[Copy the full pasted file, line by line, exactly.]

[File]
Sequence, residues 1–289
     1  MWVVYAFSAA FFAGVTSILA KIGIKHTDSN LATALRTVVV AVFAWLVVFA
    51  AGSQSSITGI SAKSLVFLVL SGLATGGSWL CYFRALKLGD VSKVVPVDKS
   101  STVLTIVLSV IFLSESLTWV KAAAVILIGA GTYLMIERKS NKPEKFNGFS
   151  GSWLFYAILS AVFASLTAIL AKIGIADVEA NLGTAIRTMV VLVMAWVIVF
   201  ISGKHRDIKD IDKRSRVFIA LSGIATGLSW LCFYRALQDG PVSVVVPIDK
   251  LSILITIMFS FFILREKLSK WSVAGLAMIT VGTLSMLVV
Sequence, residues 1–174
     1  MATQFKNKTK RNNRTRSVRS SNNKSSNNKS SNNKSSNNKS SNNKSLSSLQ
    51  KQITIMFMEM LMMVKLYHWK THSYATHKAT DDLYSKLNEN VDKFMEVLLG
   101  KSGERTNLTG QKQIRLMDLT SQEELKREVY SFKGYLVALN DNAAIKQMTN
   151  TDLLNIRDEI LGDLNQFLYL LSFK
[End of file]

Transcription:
Sequence, residues 1–289
     1  MWVVYAFSAA FFAGVTSILA KIGIKHTDSN LATALRTVVV AVFAWLVVFA
    51  AGSQSSITGI SAKSLVFLVL SGLATGGSWL CYFRALKLGD VSKVVPVDKS
   101  STVLTIVLSV IFLSESLTWV KAAAVILIGA GTYLMIERKS NKPEKFNGFS
   151  GSWLFYAILS AVFASLTAIL AKIGIADVEA NLGTAIRTMV VLVMAWVIVF
   201  ISGKHRDIKD IDKRSRVFIA LSGIATGLSW LCFYRALQDG PVSVVVPIDK
   251  LSILITIMFS FFILREKLSK WSVAGLAMIT VGTLSMLVV
Sequence, residues 1–174
     1  MATQFKNKTK RNNRTRSVRS SNNKSSNNKS SNNKSSNNKS SNNKSLSSLQ
    51  KQITIMFMEM LMMVKLYHWK THSYATHKAT DDLYSKLNEN VDKFMEVLLG
   101  KSGERTNLTG QKQIRLMDLT SQEELKREVY SFKGYLVALN DNAAIKQMTN
   151  TDLLNIRDEI LGDLNQFLYL LSFK